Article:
The Anaheim Ducks lost more than defenseman Stephane Robidas when he broke his leg three games into these 2014 Stanley Cup playoffs.
Forget the conditional fourth-round pick the Ducks gave the Dallas Stars to get the soon-to-be unrestricted free agent at the trade deadline.
Forget how that means they essentially also lost forward Dustin Penner—a third of their top line heading into the trade deadline—in the deal by trading away the pick they got in exchange for him.
No, all things considered, what the Ducks really lost was a realistic shot at winning the Stanley Cup.
Before I get into that, first some (kind of) good news: You can probably also forget that conditional fourth reportedly turning into a third should the Ducks win two rounds.
Granted, that’s good news in the same way that a hurricane means you don’t have to go wash your car anymore. You know, because of the rain—and the fact that your car isn’t there anymore.
Joking aside, the possibility of it becoming a third admittedly went out the window along with any chance of Robidas playing in 50 percent of Anaheim’s playoff games. He won’t now that the Ducks are guaranteed to play at least seven in all.
However, the fact is Anaheim was already going to be hard-pressed to reach the Western Conference semifinals, having to eventually beat the winner of the San Jose Sharks-Los Angeles Kings series to get there.
Without one of its better defensemen, it’s much less likely.
Robidas may only have played 17 games with the Ducks (14 in the regular season), but over that stretch, he established himself as a steadying presence on the blue line. He ended the regular season with a Fenwick percentage of 51.9 with Anaheim in five-on-five, close-score situations.
That may not seem impressive, with the Ducks earning just 51.9 percent of unblocked shot attempts with him on the ice.
However, the Ducks essentially broke even in that same category during the regular season (50.2 percent) and currently have a percentage of 45.1 during the playoffs, consistently getting outplayed by those same Stars in the first round.
This was all supposed to make for an intriguing storyline: Robidas getting a chance to play against his old team and lead his new one to victory—and potentially an eventual first career Stanley Cup championship—in the process.
Instead he only got in a few games in before fate got in the last word, with Stars forward Ryan Garbutt taking his legs out from under him in a play for the puck, breaking his right one and effectively ending his season and potentially his career.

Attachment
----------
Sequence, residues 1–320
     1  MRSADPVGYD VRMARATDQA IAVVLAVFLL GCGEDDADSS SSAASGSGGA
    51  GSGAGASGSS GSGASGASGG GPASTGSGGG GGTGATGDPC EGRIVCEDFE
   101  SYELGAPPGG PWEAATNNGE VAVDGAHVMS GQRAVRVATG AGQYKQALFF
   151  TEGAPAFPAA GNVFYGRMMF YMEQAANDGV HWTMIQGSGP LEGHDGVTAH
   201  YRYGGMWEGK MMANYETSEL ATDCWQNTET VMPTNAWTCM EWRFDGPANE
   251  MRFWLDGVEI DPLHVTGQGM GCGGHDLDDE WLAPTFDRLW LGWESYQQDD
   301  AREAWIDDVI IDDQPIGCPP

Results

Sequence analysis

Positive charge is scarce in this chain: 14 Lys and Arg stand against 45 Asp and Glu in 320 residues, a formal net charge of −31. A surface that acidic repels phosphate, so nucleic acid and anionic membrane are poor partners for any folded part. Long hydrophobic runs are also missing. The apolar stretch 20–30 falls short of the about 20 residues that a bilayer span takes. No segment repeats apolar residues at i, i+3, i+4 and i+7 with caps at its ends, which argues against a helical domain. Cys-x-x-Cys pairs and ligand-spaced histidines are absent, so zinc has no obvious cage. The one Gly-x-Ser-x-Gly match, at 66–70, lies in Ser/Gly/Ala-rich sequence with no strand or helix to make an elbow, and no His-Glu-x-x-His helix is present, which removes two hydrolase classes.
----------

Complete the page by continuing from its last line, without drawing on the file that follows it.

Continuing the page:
It was the same leg he broke in November as a Star, sidelining him for half the season.
With him being 37 and a UFA, one has to wonder just how realistic it is for him to first recuperate it in time for free agency and, more importantly, be offered a new contract for next season. It’s not looking good. It didn’t to begin with.
Cruel twists of fate such as this are nothing new to this franchise, with another former Stars (and Montreal Canadiens) defenseman, Sheldon Souray, having missed the entire season up to this point with a wrist injury.
It must have, at least in part, been Souray’s injury that pushed the Ducks to acquire a veteran defenseman for the stretch run and hopefully a long postseason. Now all that is further in doubt.
That isn’t to say Robidas is the linchpin to a long playoff run, but his poise on the blue line will definitely be missed and his absence there has certainly exposed the weaknesses in Anaheim’s game to a greater degree.
The Ducks are obviously in a good position in this particular series, leading three games to two despite being outshot 155-137 by a wild-card team.
However, one has to seriously question how far these Ducks will be able to get against either the Sharks or Kings—two teams that were in the top three in terms of possession during the regular season.
The Ducks were 15th, for the record, a surprisingly average rank for a division champion. The team has gotten by largely on the strength of league’s highest shooting percentage this season and, again, it opted to move a key component of its offense at the trade deadline essentially just for Robidas.
Now, Robidas is gone.
The same way the Ducks were able to make do without both him and Souray for most of the season, compiling an impressive 45-16-7 prior to Robidas playing his first game as a Duck, they will have to make do right now.
How far will the Anaheim Ducks get this postseason?
If there’s any team that can do it, it is the Ducks, as they’ve been proving prognosticators wrong all season. In fact, the Ducks were technically better without Robidas (.662 winning percentage) than with him (9-4-1; .642 winning percentage) in the regular season.
However, ask anyone in the organization and they’ll tell you they’d still prefer to have him healthy than have to rely on lucky bounces.
Luck doesn’t get you a championship. Defense does. That’s one popular saying.
Another one is a team has to lose first before it can win. It’s fair to say that, despite their impressive record, the Ducks have lost a great deal up to now. Without Robidas, an already tough task just got a whole lot tougher.
Then again, no one thought winning it all would be easy.
Advanced statistics courtesy of Extra Skater.